Yesterday, US-based money transfer service MoneyGram announced that blockchain firm Ripple completed the second $20 million investment tranche. Ripple purchased newly-issued shares from MoneyGram at $4.10 per share, a premium of over 36% to yesterday’s closing price.
Ripple also announced plans to extend its partnership with U.K.-based money transfer service TransferGo. The two collaborated in 2018 to introduce blockchain cross-border remittance to India, and will now expand the service to new markets in Southeast Asia, Latin America and Africa.
In June, Ripple announced MoneyGram had joined its cross-border money transfer platform. Ripple initially invested $30 million as part of a $50 million equity commitment. MoneyGram is interested in leveraging the On-Demand Liquidity (ODL) solution (previously called xRapid) which uses XRP to increase transaction volumes while reducing cost.
Ripple recently fused the xCurrent and xRapid branding into the RippleNet umbrella. The former is a messaging system competing with SWIFT, while the latter uses Ripple’s digital currency XRP for fund transfers.
“Our partnership with Ripple is transformative for both the traditional money transfer and digital asset industry – for the first time ever, we’re settling currencies in seconds. This initial success encourages us to expedite expanding our use of On-Demand Liquidity,” said Alex Holmes, MoneyGram Chairman and CEO.
MoneyGram said 10% of its present Mexican Peso transfers use XRP. It has also started ODL transactions in four other cross-border corridors including Europe, Australia and the Philippines. The firm is one of the biggest money transfer service providers in the U.S., with a presence in over 200 countries.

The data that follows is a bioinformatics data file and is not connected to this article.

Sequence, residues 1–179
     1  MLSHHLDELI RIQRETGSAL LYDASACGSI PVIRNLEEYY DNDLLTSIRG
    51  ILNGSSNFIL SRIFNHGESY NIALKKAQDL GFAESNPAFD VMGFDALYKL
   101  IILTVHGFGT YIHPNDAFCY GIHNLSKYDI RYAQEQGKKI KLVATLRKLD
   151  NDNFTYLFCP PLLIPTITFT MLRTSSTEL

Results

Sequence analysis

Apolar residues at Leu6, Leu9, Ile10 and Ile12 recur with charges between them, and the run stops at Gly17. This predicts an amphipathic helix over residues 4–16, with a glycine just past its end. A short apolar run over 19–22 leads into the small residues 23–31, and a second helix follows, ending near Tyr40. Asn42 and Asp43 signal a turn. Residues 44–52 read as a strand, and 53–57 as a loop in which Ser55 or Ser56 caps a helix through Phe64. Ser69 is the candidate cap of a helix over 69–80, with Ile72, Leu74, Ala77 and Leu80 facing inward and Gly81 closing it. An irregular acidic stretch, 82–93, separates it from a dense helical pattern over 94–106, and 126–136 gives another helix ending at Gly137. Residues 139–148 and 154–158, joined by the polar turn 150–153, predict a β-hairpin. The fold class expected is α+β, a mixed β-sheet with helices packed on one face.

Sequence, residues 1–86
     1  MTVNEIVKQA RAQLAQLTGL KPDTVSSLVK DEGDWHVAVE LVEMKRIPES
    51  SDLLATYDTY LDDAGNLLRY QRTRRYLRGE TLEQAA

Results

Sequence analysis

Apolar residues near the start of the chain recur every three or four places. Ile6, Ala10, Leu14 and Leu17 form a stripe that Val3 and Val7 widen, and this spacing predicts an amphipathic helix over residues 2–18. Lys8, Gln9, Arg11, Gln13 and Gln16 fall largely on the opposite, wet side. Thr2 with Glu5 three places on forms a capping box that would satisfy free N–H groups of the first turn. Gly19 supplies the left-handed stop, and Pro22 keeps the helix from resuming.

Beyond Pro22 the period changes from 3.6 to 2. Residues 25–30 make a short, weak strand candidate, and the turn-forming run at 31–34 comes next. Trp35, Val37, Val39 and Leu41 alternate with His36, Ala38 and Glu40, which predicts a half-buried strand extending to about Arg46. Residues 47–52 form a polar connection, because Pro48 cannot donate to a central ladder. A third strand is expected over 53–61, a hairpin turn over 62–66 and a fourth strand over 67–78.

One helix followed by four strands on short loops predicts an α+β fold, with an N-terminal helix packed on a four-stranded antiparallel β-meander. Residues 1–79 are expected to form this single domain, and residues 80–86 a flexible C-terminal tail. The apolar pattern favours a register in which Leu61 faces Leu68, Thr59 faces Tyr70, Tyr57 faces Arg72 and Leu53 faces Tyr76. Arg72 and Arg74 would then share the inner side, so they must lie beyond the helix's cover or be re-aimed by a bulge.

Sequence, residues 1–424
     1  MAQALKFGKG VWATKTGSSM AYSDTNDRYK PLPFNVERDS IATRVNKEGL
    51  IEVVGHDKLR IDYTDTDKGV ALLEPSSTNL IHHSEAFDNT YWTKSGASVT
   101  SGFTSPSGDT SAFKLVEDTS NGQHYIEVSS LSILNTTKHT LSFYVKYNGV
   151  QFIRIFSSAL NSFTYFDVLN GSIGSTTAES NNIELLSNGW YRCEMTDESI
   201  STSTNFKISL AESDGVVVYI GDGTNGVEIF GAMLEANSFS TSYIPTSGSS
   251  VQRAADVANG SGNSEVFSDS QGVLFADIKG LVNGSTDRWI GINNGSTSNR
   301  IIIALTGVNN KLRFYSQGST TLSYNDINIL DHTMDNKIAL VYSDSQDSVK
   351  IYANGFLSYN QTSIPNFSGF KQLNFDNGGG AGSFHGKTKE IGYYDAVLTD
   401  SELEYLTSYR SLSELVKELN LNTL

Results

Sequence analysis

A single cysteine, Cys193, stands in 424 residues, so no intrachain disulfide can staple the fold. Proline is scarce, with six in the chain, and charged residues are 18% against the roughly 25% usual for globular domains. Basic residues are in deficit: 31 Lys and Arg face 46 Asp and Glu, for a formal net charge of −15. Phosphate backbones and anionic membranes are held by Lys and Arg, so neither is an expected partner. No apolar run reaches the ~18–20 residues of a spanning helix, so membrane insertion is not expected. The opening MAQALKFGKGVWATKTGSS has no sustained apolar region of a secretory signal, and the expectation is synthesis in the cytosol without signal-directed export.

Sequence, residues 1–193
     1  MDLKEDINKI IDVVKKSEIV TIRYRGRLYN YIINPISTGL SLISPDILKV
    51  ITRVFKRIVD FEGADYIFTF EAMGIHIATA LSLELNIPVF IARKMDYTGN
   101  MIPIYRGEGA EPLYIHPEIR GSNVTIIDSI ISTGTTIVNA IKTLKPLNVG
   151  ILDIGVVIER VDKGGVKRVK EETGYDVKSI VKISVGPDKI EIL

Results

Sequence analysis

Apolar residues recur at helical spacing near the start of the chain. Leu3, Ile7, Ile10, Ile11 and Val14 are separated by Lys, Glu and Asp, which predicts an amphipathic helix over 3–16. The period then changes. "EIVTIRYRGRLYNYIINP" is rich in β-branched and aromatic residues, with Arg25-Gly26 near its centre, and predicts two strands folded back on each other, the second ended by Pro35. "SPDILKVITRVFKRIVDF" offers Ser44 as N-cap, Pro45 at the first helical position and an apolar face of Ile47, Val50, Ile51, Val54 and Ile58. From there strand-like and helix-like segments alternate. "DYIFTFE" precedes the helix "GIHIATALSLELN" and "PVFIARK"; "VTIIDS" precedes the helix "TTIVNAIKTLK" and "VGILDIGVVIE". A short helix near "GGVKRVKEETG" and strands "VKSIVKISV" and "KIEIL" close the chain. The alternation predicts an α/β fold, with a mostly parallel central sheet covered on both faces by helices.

With the total investment of $50 million, Ripple now owns 9.95% of the outstanding common stock of MoneyGram.
A few weeks ago, Ripple announced it passed the 300 customer mark on its RippleNet platform. On the other hand, ODL currently has 24 members, the majority of them money transfer firms including Viamericas, FlashFX, Interbank Peru and freelance firm goLance.
The U.K.’s TransferGo is another money transfer firm using Ripple’s technology.
Founded in 2012, TransferGo is headed by Daumantas Dvilinskas who made it to the Forbes list of 30 under 30 in 2017. The company is focused on a purely digital money transfer service and hopes to achieve faster transfer times by using RippleNet.
“TransferGo enables those recipients to get that buying power as quickly as possible. Ripple gives us a competitive edge in India, which is the largest global cross-border remittance market, and today we’re moving more than a couple of million pounds per year,” said Dvilinskas.
The traditional method for money transfer companies is to partner with a single bank at a time and set up numerous bank accounts around the world.
“We would link up directly with our bank partners, but each one had a different technology stack. Every integration was bespoke, which took up a lot of tech resources and was time-consuming,” said Dvilinskas.
He added, “With RippleNet we saw a scalable opportunity to have one integration for multiple partners, so we don’t have to redo it each time.”
TransferGo said its customers were able to save up to 90% of traditional fees for cross-border transfers by using blockchain. The company also launched a free service for people who don’t need instant transfers.
The latest announcements follow Ripple’s recent collaboration with Finastra to enable its high profile banking clients to use RippleNet.